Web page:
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Since We've No Place to Go

Secret Santa bursts into the War Room with a snarl, cheeks bright red, eyes shooting a look that says he's checked his list twice and some motherfucker is going to pay.
"I want everything we have on the Seattle Seven," Santa says. "On the big board. Now."
The team scrambles to comply. No one asks why, especially not me. I stopped asking why years ago.
The big board lights up with displays. A dozen video streams, details of the coordinated Christmas eve attacks in Bellevue, Georgetown, and SeaTac. Casualty estimates and dossiers line other screens and one tech tacks up a paper map of the Puget Sound area. Someone hands Santa a tablet, but he waves it away, takes in the data flowing around him on his own. Nearly two decades in counter-terrorism has hardened and focused him, prepared him for this post as the head of the newly-formed Combined Intelligence Agency.
Then he closes his eyes, is silent for a full five minutes. Standing there, dressed in a tight black turtleneck and cargo pants, head shaved, beard unruly, he's ready for battle, projecting the quiet confidence of an experienced operator. A brief shudder hits him, and his eyes open. He pulls a knife from its concealed sheath and flicks it toward the wall, where the blade sticks deep in the paper map at the north end of Mercer Island. The knife shivers, then goes stiff.
So quietly I can barely hear, he says, "Someone screwed up. I already know who." He points to the map, then to me and my team. "You're with me and you know the drill. On deck in twenty. Full load-out. We have packages to deliver." He turns on his heel and strides out as quickly as he came in.
As we gear up, there's no chatter. Santa's already in his TactiClaus get-up. Striped red and white rip-stop uniform, blue MOLLE webbing with white stars on his chest plate. Signature red ball cap showing his national pride and loyalty to his President. Cameras so his adoring audience can watch in orgasmic detail when the op finally goes hot. So much for secrecy. I still prefer my plain brown winter jacket, body armor, and simple load-bearing equipment. Santa calls it my harness. To mock me, to remind me to fall in line.
Santa smirks as I cinch my armor, secure extra mags for my carbine. He racks the slide on his HK P30, slides it into his chest holster. He used to carry an old submachine gun, one made in the Workshop, but that was before he'd internalized how immortal he was. How invincible. It was before he'd played the games, watched the movies, listened to the screams of the dying, savored each take-down. These days, he preferred to get in close. One shot, one kill. He went from "Ho-ho-ho," to "Now I have a machine gun, ho-ho-ho," to "Tango down" in a few short holiday seasons.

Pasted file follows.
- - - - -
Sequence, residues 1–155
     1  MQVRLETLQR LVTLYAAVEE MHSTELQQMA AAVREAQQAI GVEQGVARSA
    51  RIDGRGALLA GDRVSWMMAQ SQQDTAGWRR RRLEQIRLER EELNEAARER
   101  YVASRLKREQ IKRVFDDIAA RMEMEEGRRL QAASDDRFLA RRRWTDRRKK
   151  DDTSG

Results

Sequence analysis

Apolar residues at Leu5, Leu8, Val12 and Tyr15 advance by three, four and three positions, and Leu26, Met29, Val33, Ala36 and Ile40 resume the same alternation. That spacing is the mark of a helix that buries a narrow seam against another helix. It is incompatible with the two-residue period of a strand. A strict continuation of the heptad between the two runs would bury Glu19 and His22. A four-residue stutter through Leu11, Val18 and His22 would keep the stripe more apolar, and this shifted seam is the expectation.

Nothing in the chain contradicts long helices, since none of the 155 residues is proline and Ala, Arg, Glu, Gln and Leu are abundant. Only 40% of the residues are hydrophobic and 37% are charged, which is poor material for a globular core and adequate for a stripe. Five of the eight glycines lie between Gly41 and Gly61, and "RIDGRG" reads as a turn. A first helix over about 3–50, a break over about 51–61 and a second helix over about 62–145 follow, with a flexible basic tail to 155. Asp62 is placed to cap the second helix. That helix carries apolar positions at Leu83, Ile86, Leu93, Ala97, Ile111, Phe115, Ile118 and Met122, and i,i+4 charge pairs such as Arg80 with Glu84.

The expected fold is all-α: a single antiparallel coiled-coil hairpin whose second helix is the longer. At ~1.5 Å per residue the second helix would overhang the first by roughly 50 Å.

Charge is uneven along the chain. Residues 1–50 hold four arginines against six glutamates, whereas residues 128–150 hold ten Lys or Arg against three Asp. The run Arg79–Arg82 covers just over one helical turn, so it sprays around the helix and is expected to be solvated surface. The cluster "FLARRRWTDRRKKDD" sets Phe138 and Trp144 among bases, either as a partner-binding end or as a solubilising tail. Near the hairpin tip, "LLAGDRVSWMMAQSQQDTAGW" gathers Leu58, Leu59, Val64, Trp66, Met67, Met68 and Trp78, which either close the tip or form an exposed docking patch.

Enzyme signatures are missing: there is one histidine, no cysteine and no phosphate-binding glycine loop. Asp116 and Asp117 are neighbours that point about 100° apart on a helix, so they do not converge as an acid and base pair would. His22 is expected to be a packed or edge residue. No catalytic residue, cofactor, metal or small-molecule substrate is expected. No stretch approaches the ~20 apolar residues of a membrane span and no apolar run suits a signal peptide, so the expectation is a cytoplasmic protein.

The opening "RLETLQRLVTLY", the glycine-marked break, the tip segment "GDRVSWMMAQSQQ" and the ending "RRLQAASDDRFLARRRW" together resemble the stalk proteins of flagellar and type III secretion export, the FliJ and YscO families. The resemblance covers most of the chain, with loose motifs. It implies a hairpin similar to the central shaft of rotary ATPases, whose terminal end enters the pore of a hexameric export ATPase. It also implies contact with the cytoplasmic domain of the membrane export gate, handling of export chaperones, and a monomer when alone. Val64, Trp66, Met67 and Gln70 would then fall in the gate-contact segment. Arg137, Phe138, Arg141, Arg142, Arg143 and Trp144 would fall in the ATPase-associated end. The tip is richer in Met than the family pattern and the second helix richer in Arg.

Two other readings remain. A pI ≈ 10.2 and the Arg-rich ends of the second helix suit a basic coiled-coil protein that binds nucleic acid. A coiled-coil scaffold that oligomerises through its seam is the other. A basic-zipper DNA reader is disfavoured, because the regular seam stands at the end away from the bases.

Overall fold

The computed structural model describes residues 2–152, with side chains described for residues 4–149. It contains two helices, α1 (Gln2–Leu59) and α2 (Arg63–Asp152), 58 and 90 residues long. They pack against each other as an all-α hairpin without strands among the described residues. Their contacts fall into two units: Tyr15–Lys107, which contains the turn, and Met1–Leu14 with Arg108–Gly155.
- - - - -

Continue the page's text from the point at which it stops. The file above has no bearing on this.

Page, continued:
"Strap in and get your shit squared away," Santa yells. "Wheels up in five."
He hasn't been to Santa's Workshop in ten years. Not that it matters. It's automated, scattered across the North Pole to increase efficiency and circumvent the few international treaties still in place. Drone tracking for package delivery and surveillance, persistent monitoring to assure positive transactions. Or, as Santa once said, "Vertical supply chain integration and just-in-time distribution to deserving recipients. Those are the keys to making Christmas great again."
Then we're in the air, and the V-22 Osprey pulls sharply away from the USS John C. Stennis. We arc over Alki, cut east just below downtown Seattle, and approach Mercer Island.
"Should have eyes on any minute," Santa says.
"Affirmative, sir," says the pilot. "Positive ID on the compound. Hydras ready for launch."
"Hit 'em," Santa says.
"Presents away," says the pilot. "That oughta soften them up for you, sir."
"An airstrike, sir?" I say. "We don't know targets are on site."
"I know," Santa says. "I always know."
"There are still rules."
"The President put his faith in me," Santa says. "In us. My loyalty to him is what matters."